It would be difficult to find a town in which there is more social pleasure and a love of good literature than in Miamisburg. The shelves of the handsome Carnegie Public Library are kept stocked with the latest books on all subjects, ranging from scientific (page 37) to fiction, and the frequent demands for "something to read," fully occupies the time of the very able librarian, Miss Clara Schuler. A large share of the social life of Miamisburg is expressed by the numerous organizations for intellectual improvement that meet weekly or bi-weekly at homes of the members. Among them are the Ladies' Monday Night club, Research club, and Round Table club. The Ladies' Relief Corps is auxiliary to the organization of the Grand Army of the Republic. There are also well-established societies of Daughters of Liberty and Rebecca. That the men of Miamisburg also have places of social assemblage is plainly evident from the number of lodge organizations in the town: Masons, Knights of Pythias, Odd Fellows, Catholic Knights of Ohio, Moose, Red Men, Junior Order American Mechanics, Macabees, Haragari lodge, Eagles, Grand Army of the Republic, and the Business Men's club, all are agencies calculated to give husband and father an excuse to stay out a little beyond the orthodox hour for home return, and the weekly prayer meeting has not been included. There is but one newspaper in Miamisburg, The Miamisburg News, a wide-awake journal, Democratic in politics. A strange fact connected with its history is that it has been under the same editorial management since its founding nearly forty years ago. Mr. Charles E. Kinder, who, prior to his assuming the editorship of the News, was connected with a Putnam county paper, comes from one of the oldest and most respected families in the Miami valley, and his journal is devoted to all that tends to the progressiveness of Miami township in all directions. Mr. Kinder has been most efficiently assisted in the duties of editorship and office management of the paper for nearly a score of years by Mr. Daniel H. Holzman. The official duties of the Miamisburg postoffice are in the hands of Mr. William Alexander, who has a capable force of three clerks as assistants. The office also has a prompt city delivery route and a wide rural delivery.
When the realization came that the United States was really at war with aggressive Germany, Miami township and her villages were quick to respond to every governmental and humane call for help in all directions. A branch of the Dayton Airplane company was located at Miamisburg and the efficiency of the Red Cross unit is noted elsewhere. The following comprehensive and valuable summary of the result of the five Liberty loan campaigns for the districts of Miami township, Miamisburg, West Carrollton, Jefferson township, Washington township and Van Buren township, recorded at the First National bank at Miamisburg, is taken from the Miamisburg News:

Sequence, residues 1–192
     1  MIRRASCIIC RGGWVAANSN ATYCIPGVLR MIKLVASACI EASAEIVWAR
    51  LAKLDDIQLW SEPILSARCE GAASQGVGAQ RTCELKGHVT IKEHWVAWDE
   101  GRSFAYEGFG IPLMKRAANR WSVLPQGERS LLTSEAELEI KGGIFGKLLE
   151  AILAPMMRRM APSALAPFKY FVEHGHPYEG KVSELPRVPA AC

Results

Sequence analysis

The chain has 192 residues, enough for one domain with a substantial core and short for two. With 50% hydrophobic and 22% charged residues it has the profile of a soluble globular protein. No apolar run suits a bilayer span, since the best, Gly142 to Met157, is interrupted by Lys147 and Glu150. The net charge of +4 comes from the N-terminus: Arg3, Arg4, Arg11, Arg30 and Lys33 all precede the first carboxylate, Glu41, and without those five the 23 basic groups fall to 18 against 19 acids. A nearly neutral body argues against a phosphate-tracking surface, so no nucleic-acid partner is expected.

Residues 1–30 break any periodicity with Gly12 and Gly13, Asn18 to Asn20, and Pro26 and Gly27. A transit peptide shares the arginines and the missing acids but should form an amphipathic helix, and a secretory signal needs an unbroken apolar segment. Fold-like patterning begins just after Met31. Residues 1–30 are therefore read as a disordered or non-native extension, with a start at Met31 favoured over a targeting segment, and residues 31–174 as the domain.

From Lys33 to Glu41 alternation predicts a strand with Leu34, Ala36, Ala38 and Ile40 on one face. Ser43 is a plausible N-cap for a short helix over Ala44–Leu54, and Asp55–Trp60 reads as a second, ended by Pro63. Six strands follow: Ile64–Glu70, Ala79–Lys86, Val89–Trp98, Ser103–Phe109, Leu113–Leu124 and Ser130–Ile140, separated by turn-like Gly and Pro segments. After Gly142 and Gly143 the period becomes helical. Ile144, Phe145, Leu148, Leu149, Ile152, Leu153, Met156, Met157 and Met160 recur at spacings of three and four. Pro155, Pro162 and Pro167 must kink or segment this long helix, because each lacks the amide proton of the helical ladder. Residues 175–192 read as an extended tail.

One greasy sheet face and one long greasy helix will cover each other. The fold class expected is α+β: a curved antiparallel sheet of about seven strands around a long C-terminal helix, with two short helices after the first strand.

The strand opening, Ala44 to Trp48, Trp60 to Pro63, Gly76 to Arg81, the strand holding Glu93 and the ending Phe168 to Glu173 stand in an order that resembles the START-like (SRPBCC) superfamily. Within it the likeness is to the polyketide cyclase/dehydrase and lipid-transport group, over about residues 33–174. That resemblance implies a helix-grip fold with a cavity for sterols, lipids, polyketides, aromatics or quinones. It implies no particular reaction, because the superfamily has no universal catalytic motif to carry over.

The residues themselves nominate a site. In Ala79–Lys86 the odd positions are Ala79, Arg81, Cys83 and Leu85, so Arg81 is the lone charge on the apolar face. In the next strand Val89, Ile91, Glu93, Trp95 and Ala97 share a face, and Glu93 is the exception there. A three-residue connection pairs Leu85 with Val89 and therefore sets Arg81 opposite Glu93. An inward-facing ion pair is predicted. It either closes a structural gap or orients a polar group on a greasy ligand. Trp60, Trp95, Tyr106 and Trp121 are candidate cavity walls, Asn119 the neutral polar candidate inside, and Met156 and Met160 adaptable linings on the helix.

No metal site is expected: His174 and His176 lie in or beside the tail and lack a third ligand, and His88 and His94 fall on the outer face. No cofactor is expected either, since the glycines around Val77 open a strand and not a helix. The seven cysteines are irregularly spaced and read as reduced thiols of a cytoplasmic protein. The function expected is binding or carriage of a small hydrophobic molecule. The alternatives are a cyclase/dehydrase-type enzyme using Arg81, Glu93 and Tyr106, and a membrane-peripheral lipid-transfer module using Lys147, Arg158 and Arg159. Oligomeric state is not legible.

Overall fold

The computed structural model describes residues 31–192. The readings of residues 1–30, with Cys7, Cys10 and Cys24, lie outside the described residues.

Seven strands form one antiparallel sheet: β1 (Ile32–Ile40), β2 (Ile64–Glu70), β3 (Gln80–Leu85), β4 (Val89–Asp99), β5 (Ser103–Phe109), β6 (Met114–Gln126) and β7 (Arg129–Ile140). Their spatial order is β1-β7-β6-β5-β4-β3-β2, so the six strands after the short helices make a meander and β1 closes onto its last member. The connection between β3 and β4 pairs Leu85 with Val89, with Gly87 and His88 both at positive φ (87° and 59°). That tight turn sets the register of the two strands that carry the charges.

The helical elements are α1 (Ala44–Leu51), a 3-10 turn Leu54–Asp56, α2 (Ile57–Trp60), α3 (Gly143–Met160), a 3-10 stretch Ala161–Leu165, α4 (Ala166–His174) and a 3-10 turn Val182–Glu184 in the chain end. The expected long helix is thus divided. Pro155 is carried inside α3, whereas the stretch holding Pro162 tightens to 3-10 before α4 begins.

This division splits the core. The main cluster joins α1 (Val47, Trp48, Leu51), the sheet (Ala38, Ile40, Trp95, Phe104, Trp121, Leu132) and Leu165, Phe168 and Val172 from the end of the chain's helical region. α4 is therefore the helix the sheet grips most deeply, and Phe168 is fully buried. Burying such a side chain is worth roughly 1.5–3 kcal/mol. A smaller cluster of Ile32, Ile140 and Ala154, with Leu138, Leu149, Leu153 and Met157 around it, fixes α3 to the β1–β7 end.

First loan……….$70,000 $ 85,000
Second loan ... $72,000 $115,000
Third loan….. $64,800 $262,300
Fourth loan ... $151,000 $390,400
Fifth loan ... $115,450 $303,500
Totals $473,250 $1,158,200
(page 38) The subscriptions received at the same bank from the same sources for the Victory loan plainly indicate that high prices and the high cost of living had in no degree cooled the determination of the residents in the townships of Montgomery county to support the Government in its every appeal for aid. Following is a concise summing up of the number of subscribers, and amounts subscribed : Miami township, 50 subscribers, subscription, $34,500; Miamisburg, 345 subscribers, subscription, $236,800; West Carrollton, 10 subscribers, subscription, $19,800; Jefferson township, 30 subscribers, subscription, $9,400; Washington township, 22 subscribers, subscription, $4,950; Van Buren township, one subscriber, subscription, $5,000. The total subscriptions for Miami township, all sources, amounted to the large sum of $347,950. Outside of the city of Dayton, Miami township led all the other townships by a large amount.